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Brian Baker - fourth round

Tuesday 3 July 2012

P. KOHLSCHREIBER/B. Baker

6‑1, 7‑6, 6‑3

Q. How do you reflect on the match and your Wimbledon experience as a whole?

BRIAN BAKER: Obviously I'm disappointed about the match today. Didn't feel like I returned quite as well. But some of that had to do with him serving. He hit his spots when he had to, so I didn't really put in a lot of returns in play when I had chances and came out pretty flat. He took advantage of that.

Felt like the second set, you know, I thought I was holding maybe a little bit easier than he was. The 4‑All point in the breaker comes to mind that he hits some lob that somehow landed on the line. Lost that set.

And the third set I think he had one breakpoint and got it; I had a couple and didn't. Maybe it was a little bit closer than the score said, but he definitely, like I said, came up with some good shots at the times he had to.

Q. And about Wimbledon?

BRIAN BAKER: It's been an unbelievable run. Can't be too upset about that, even though as a competitor definitely pretty frustrated right now, to get that far, not to feel like I played my best match.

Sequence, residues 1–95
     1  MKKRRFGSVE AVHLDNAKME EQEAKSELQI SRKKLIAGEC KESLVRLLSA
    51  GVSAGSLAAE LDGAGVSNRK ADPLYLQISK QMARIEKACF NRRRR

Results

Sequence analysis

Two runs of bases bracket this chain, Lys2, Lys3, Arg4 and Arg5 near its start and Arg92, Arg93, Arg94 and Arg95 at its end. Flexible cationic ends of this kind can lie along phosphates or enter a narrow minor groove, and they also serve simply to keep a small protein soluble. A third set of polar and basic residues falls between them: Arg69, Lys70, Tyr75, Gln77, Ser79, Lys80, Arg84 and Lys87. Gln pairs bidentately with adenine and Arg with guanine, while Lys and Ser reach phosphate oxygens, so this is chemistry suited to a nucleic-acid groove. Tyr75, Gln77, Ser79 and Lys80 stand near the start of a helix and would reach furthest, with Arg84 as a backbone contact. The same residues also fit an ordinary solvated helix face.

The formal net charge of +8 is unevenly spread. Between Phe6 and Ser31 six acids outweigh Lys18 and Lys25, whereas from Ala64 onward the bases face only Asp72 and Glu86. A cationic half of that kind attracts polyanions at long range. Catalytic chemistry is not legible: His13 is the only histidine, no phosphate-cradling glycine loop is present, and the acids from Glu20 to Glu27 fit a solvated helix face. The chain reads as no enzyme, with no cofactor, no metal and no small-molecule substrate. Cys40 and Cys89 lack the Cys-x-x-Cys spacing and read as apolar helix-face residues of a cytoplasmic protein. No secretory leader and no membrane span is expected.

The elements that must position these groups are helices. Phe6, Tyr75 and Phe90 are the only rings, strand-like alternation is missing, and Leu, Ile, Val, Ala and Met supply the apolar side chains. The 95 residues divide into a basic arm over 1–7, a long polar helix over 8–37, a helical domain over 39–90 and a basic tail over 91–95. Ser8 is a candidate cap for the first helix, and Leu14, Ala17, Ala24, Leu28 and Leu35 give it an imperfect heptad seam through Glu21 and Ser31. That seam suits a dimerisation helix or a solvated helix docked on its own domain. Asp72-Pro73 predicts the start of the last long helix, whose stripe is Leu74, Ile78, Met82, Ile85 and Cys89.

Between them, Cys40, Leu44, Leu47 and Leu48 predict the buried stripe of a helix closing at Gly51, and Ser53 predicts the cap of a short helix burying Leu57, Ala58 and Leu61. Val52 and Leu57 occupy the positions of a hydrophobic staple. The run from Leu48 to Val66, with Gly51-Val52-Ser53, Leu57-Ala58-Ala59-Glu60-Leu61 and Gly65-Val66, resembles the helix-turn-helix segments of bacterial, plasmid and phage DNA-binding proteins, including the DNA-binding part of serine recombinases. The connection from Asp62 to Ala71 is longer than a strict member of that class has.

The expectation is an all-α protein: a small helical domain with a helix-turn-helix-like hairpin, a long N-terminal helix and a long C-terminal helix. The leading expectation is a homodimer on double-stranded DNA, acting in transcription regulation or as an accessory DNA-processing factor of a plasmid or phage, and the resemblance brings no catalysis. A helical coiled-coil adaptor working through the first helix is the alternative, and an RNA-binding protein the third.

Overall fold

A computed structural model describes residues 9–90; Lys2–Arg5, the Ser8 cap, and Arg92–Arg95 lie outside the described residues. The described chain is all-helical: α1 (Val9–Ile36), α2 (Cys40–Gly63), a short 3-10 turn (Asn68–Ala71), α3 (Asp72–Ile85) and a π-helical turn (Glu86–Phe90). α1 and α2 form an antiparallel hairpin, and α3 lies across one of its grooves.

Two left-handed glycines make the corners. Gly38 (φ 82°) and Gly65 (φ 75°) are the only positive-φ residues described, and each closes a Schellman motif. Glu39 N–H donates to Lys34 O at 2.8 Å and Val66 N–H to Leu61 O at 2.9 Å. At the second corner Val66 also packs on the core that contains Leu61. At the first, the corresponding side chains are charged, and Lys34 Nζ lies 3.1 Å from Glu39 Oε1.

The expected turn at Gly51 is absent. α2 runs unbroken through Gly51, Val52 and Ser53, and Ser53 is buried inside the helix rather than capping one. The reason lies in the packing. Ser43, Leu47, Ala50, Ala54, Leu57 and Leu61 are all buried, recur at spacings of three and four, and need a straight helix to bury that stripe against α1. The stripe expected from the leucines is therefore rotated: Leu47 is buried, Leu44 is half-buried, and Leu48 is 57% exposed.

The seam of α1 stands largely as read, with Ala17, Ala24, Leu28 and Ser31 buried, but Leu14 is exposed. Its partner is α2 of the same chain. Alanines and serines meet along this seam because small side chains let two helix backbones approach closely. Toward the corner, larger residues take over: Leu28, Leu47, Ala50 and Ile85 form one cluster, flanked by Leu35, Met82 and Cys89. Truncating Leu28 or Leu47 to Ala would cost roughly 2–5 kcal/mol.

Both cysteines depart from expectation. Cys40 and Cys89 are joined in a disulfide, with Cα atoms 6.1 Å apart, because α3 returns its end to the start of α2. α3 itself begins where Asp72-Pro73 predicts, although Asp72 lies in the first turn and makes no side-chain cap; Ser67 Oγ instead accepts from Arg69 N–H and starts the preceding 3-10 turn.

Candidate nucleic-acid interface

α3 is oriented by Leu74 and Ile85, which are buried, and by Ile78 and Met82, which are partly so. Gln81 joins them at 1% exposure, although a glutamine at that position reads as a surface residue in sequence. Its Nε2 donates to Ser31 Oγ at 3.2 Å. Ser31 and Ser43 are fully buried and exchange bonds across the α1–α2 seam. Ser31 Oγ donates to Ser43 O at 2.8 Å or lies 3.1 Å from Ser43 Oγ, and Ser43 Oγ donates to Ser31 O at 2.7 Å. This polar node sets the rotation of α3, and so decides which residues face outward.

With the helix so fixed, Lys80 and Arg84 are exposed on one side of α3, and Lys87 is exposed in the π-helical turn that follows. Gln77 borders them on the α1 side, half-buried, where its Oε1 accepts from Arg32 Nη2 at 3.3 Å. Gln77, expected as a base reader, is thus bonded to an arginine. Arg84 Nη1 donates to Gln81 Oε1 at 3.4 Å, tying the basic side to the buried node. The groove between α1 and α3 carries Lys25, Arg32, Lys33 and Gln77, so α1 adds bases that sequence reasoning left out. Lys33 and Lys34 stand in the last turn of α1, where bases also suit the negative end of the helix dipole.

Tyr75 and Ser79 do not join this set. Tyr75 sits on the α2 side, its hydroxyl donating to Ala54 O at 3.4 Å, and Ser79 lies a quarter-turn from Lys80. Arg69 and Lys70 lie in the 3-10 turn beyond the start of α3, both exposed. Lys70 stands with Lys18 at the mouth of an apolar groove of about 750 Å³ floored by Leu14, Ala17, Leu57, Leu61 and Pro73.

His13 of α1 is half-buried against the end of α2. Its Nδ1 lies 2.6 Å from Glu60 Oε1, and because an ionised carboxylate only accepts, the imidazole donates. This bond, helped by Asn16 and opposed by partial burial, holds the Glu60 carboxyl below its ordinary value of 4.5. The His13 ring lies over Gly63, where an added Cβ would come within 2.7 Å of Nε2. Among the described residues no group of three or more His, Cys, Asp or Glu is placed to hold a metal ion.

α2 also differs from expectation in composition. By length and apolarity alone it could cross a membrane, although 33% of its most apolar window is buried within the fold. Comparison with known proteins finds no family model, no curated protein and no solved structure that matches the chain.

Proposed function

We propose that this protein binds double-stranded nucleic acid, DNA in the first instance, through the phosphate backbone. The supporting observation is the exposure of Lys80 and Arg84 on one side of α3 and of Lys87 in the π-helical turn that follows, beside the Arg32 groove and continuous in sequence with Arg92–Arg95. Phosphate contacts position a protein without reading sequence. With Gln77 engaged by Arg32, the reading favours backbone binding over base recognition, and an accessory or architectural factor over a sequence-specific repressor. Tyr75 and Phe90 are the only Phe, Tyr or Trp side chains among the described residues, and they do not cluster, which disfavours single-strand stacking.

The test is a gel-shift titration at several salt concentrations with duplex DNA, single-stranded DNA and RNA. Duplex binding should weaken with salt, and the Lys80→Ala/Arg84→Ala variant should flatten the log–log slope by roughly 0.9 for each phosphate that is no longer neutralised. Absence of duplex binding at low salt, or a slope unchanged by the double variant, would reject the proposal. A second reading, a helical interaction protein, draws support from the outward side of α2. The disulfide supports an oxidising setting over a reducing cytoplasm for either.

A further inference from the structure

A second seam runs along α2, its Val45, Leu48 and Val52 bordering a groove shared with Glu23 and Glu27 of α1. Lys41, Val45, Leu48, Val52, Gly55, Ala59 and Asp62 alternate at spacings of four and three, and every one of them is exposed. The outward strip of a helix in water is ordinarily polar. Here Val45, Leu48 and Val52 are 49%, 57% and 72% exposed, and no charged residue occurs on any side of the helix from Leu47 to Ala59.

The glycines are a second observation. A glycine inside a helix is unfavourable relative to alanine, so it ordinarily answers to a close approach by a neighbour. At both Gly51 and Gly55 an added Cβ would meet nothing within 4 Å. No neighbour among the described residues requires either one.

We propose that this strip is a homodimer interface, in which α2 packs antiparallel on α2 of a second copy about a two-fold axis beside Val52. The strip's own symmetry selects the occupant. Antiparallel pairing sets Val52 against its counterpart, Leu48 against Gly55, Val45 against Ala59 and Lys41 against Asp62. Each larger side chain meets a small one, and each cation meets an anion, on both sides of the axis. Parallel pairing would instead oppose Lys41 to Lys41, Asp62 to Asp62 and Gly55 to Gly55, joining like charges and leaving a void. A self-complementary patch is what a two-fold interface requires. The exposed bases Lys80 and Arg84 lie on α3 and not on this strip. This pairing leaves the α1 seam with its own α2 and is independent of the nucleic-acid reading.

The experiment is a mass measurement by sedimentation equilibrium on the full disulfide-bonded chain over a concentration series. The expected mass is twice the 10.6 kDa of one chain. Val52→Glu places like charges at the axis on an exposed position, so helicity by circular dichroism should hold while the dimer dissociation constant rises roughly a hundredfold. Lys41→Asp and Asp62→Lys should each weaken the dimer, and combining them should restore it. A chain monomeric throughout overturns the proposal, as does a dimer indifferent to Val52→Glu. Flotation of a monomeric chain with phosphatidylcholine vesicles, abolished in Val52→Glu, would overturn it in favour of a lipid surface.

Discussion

But that stuff happens. Hopefully I'll learn from it and have more opportunities.

Q. Quite a lot of shots hit the line. I could see you getting frustrated.

BRIAN BAKER: Yeah, I mean, that stuff happens. Whether they're just inside the line or not, they're still good shots. But I felt like there were a few points where I was in position to do something, and the ball would literally just stop.

But that's grass court tennis. You got to move on from that. I mean, I hit a couple lines as well. I just felt like there was a couple big points where it happened against me.

But, like I said, that happens.

Q. One of the most frustrating points was when you had a breakpoint in the last game and you slipped.

BRIAN BAKER: That was actually deuce. But, no, I mean, yeah, of course that was frustrating. But, like you said, you put yourself in those situations. You can't count on one point to make the difference in the match, even though sometimes you feel like at the time it does make a difference.

Q. What were your expectations on the eve of this tournament? What are your goals now that you're leaving this tournament?

BRIAN BAKER: On the eve of the main draw? Quallies?

Q. Main draw.

BRIAN BAKER: I don't know if I put an expectation like I need to get to this round or not. I was just hoping to continue the momentum from the French, which I obviously did. I think when I go onto the court I'm expecting to at least play good tennis and expect to win when you walk on the court.